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Evanston libraries and bookstores support strong reading culture

Evanston+resident+Sandy+Horton+reaches+for+a+book+at+the+Evanston+Public+Library.+The+city+has+a+strong+reading+culture%2C+and+around+185+people+signed+up+for+a+city-wide+book+club.++
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Evanston libraries and bookstores support strong reading culture

Evanston resident Sandy Horton reaches for a book at the Evanston Public Library. The city has a strong reading culture, and around 185 people signed up for a city-wide book club.

Evanston resident Sandy Horton reaches for a book at the Evanston Public Library. The city has a strong reading culture, and around 185 people signed up for a city-wide book club.

Alison Albelda/Daily Senior Staffer

Evanston resident Sandy Horton reaches for a book at the Evanston Public Library. The city has a strong reading culture, and around 185 people signed up for a city-wide book club.

Alison Albelda/Daily Senior Staffer

Alison Albelda/Daily Senior Staffer

Evanston resident Sandy Horton reaches for a book at the Evanston Public Library. The city has a strong reading culture, and around 185 people signed up for a city-wide book club.

Sophia Scanlan, Reporter

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Though it’s a city with a population of about 75,000 people, Evanston has a lot going on for people who like books, reading and everything in between.

Nina Kavin, the founder of the Dear Evanston Racial Justice Book Group, started the city-wide book club three years ago to encourage dialogue about racial justice, and today, it has grown to include 185 people. On Tuesday, the club discussed “White Fragility: Why It’s So Hard for White People to Talk About Racism” by Robin DiAngelo.

“People are hearing about the book group more and seeing that we do really good books,” Kavin said. “It’s a way to get out of the house, meet people and socialize.”

With 12 bookstores, an extensive public library system and many avid bibliophiles, Evanston outreads many U.S. cities with a similar population. In comparison, New York City has a people-to-bookstore ratio of about 10,000 residents per bookstore. Evanston boasts a ratio of 6,250 residents per shop.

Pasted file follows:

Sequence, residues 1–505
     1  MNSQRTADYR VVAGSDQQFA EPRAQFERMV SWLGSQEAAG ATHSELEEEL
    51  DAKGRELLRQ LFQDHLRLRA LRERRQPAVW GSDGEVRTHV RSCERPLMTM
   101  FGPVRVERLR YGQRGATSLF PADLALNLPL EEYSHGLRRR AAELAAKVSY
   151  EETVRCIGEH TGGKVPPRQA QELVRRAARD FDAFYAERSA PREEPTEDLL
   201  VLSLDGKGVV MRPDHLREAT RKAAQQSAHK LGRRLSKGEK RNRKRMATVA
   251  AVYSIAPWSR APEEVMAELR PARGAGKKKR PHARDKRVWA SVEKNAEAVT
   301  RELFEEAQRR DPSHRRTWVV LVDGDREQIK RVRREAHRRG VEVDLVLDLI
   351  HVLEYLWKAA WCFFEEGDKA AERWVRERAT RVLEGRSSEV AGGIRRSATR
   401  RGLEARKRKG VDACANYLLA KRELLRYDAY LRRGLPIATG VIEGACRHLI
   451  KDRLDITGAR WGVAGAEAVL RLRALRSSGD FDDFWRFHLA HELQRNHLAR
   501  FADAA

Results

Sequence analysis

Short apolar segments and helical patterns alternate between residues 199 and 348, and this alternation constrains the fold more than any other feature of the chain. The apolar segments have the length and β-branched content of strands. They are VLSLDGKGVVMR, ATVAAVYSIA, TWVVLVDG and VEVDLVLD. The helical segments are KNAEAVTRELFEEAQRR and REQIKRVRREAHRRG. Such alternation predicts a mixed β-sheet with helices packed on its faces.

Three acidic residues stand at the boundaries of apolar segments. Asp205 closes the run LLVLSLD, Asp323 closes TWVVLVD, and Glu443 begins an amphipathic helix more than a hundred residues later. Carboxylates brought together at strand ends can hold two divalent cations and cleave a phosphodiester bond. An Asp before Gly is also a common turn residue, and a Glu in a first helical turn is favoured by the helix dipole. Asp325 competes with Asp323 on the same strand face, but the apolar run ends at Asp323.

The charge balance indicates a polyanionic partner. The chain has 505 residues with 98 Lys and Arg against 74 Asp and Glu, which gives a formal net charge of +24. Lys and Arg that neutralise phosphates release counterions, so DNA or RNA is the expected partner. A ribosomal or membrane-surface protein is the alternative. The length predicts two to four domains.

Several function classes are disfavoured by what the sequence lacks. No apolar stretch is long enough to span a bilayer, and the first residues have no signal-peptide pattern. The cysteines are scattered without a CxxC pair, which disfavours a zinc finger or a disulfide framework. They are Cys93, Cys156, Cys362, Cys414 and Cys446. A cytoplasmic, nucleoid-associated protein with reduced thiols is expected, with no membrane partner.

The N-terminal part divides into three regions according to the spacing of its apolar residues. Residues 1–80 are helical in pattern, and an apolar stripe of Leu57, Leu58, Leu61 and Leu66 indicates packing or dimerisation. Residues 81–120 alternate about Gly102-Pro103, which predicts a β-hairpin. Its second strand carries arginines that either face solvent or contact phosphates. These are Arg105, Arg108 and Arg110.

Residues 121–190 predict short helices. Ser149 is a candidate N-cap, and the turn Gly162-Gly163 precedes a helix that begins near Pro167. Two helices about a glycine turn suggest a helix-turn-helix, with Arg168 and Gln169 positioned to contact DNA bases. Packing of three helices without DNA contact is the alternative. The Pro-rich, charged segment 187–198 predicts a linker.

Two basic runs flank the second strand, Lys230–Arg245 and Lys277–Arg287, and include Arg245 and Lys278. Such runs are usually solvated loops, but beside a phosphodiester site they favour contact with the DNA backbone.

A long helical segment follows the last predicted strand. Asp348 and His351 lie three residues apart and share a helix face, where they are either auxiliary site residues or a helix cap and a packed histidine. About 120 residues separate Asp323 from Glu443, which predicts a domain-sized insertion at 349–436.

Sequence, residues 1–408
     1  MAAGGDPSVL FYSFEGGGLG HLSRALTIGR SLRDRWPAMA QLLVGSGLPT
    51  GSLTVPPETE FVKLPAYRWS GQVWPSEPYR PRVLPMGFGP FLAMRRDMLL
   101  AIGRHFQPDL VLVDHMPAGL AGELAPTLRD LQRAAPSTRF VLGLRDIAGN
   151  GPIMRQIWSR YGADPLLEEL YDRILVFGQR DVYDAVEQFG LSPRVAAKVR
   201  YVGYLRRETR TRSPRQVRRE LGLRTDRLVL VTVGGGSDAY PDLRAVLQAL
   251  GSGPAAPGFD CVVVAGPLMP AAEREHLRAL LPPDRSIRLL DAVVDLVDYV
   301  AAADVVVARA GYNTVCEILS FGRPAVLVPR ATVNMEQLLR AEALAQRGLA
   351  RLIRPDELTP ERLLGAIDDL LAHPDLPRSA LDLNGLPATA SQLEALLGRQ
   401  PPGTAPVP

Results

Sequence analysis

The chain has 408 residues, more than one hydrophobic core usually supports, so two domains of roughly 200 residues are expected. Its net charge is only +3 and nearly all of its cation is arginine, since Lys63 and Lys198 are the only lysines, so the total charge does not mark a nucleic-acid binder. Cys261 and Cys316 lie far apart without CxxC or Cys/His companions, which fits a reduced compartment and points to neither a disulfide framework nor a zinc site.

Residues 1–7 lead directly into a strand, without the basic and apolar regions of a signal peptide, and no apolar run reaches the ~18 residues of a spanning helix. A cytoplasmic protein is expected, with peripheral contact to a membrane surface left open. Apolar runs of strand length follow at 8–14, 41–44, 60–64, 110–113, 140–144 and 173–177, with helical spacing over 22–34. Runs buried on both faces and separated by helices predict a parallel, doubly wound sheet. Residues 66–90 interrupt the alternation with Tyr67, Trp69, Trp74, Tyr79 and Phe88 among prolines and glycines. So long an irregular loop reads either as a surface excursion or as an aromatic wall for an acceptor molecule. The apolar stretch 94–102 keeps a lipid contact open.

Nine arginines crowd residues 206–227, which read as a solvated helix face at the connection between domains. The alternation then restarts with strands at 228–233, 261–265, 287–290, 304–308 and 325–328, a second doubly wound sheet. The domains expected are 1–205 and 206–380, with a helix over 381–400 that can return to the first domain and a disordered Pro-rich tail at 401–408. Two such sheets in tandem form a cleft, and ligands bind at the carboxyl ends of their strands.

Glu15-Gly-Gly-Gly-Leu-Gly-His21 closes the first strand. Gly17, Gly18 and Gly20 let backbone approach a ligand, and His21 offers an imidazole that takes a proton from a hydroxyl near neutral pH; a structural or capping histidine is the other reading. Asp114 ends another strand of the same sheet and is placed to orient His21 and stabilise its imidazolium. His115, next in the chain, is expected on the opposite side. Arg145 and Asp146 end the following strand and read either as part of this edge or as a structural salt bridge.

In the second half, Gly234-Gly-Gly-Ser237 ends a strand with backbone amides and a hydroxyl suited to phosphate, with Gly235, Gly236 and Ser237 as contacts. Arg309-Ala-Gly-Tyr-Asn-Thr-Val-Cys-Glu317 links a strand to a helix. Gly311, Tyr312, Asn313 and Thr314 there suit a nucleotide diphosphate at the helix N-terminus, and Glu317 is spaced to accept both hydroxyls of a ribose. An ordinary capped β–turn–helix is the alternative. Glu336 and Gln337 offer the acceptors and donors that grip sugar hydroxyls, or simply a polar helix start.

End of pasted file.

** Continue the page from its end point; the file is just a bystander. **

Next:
Kavin also said she thought the city’s high interest in books partially stems from a well-educated population. She added that having a “huge, world-class university” in the city probably contributes to Evanston’s readership.

For Kavin, she said she has received support from the reading community in Evanston. Local bookstore Bookends and Beginnings gives a 15 percent discount to people purchasing books for Kavin’s book club, and the store gives her five free copies of the chosen title.

Nina Barrett, the owner of Bookends and Beginnings, said she thought the book club was so successful because many people in Evanston want to discuss race relations.

“There are people who want to have a look at what the tougher issues in society are, and they believe books are a part of that,” she said.

When Barrett first moved to Evanston in 1985, she was “mystified” to discover that most of the most of the bookstores in the city were chains, like Borders and Barnes and Noble. Because of her passion for independent bookstores, Barrett decided to open her store.

Barrett added that part of the reason she chose Evanston in which to open a business was the number of authors nearby.

“A lot of authors who don’t live in Evanston now grew up here — were raised here — so that also says something about the community,” she said. “A part of the mission of (Bookends and Beginnings) is to get all kinds of discussions going, and I can have literary people from all over the world come to the store.”

Elizabeth Bird, the collection development manager at Evanston Public Library, agreed that residents think books are important.

When she worked at a branch of the New York Public Library in downtown Manhattan, she could sit there for hours before a patron would enter, but she said in Evanston, the library is always busy.

“Evanstonians are great library users,” Bird said. “If we get a complaint, it’s that our hours aren’t long enough.”

Bird added that the close proximity to Chicago contributes to why so many residents enjoy and engage with books, since many big-name authors hold events downtown.

The presence of school librarians in Evanston/Skokie School District 65 and Evanston Township High School/District 202 also helps, she said.

“Every school in Evanston has a school librarian,” Bird said. “If you have librarians in schools, the people in the schools become readers, and that’s a fact.”

SESP first-year Claire Koster said she also loved the reading atmosphere of Evanston. She appreciated the size of the library in particular and the number of free services it offers beyond books, like the new social worker.

The number of bookstores and quality of the library even played a role in her college decision, she said.

“I would have made do, but the fact that we’re so close to really wonderful bookstores and a really good library all within a 10-minute walk is pretty idyllic and wonderful,” Koster said.

And for a lot of residents, the reading institutions are what make Evanston special.

“I keep a happy patron file (in my email),” Bird said. “I got an email from someone who said ‘Evanston Public Library is easily the thing I like best about this area.’”

Email: sophiascanlan2022@u.northwestern.edu

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